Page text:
Clockwise from left: onions ready to be dug--er, plucked from the ground, cabbage, freshly dug garlic, and Swiss chard.
Back when I began my late seed sowing and transplanting, I never envisioned a harvest like this. Not that everything has gone as planned--gardening is not a perfect science. But in the midst of my second year of gardening I've been mildly disappointed and yet delighted by my garden's surprises.
The disappointments include the weeds that have completely overtaken the garden. I'm now convinced that there is no way I'll ever keep up--at least without weeding as if it were a ful time job. I think the issue may have to do with the soil amendments I used--not all organic gardening soil is the same--some come with unwanted weed seeds.
I've also been disappointed by my late start with the squash. I've got some leaves developing and even blossoms but no sign of fruit. Friends of mine up the street had the same problem last summer while I could hardly contain or eat all the squash that had taken over my backyard. We'll see what happens next year.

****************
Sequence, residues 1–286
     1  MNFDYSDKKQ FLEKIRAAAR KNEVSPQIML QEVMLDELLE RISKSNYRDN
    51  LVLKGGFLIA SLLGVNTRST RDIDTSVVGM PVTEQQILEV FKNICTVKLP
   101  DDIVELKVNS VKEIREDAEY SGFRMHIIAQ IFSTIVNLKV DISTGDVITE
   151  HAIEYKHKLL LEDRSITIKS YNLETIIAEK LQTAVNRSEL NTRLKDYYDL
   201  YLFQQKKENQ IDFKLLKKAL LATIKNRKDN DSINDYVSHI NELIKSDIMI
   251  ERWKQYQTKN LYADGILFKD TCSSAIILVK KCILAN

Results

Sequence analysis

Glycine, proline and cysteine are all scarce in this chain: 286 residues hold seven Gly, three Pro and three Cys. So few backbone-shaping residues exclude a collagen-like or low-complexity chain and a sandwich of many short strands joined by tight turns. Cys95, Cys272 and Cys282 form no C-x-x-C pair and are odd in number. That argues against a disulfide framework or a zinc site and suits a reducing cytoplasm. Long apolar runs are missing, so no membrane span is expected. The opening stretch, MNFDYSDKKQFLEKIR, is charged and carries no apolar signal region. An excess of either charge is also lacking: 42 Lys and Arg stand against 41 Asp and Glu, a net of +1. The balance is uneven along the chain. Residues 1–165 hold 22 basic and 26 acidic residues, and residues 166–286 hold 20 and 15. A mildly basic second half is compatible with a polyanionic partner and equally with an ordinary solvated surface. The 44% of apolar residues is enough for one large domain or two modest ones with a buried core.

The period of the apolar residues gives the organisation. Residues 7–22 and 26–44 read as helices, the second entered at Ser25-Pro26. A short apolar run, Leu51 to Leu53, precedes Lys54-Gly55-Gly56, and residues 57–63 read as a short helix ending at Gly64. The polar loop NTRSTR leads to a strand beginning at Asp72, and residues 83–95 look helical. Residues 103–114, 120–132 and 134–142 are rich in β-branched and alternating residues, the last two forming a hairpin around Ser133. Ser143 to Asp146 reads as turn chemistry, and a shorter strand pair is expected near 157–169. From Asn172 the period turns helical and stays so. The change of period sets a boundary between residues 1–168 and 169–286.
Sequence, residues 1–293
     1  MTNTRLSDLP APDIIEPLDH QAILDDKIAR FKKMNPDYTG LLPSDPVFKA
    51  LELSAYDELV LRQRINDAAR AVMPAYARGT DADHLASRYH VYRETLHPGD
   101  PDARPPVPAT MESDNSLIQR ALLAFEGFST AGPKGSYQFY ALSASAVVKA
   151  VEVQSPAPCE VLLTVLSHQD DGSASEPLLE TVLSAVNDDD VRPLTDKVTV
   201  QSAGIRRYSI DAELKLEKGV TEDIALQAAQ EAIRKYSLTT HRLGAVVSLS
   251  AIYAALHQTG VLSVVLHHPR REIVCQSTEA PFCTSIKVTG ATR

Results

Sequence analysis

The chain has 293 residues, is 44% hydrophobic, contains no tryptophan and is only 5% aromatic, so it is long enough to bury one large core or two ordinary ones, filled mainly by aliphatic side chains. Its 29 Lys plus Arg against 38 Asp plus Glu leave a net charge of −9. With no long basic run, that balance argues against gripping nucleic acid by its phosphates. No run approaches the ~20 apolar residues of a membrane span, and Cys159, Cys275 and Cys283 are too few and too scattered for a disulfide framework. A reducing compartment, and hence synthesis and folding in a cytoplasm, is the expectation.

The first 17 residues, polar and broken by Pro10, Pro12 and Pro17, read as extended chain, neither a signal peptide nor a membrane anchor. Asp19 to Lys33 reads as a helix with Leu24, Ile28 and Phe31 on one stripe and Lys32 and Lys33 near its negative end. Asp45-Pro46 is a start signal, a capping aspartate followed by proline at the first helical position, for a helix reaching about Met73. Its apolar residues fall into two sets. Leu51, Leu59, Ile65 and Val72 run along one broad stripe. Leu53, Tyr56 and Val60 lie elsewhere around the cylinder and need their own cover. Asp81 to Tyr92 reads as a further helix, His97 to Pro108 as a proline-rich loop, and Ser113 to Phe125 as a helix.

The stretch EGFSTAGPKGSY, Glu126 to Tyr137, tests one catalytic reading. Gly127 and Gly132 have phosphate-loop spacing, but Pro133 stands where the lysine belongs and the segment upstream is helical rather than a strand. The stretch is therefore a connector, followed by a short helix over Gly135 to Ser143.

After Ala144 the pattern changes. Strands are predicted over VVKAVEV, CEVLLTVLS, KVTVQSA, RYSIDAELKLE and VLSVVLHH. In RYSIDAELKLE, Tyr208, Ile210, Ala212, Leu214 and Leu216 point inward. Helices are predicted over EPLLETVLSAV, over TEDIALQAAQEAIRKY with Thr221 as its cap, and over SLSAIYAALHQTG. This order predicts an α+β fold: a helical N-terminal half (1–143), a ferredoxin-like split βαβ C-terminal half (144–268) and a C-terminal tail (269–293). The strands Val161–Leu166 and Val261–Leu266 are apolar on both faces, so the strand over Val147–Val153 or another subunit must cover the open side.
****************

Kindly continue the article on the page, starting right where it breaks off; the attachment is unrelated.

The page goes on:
But in the delight department are surprises like garlic growing up in places I did not plant it. I'll never say no to extra garlic and hope that's a trend that will continue. The other delightful surprise is the cabbage. While in the seedling stage, cabbage and collards looks awefully similar and I obviously picked up a mis-labeled tray of transplants. I thought those leaves looked a bit different! A few weeks ago I noticed that the leaves were forming into little balls and lo and behold--a half row of cabbage heads. I guess that is why the cabbage beetles paid me a visit this year.
In the next week or so I'll sow another half row of lettuce and spinach and look forward to collecting tomatoes which are already hanging heavy on the vines--just waiting for them to ripen. In the meantime, today was a day of harvesting Swiss chard, collards, sungold tomatoes and garlic to be dried over the next two weeks. Hungry anyone?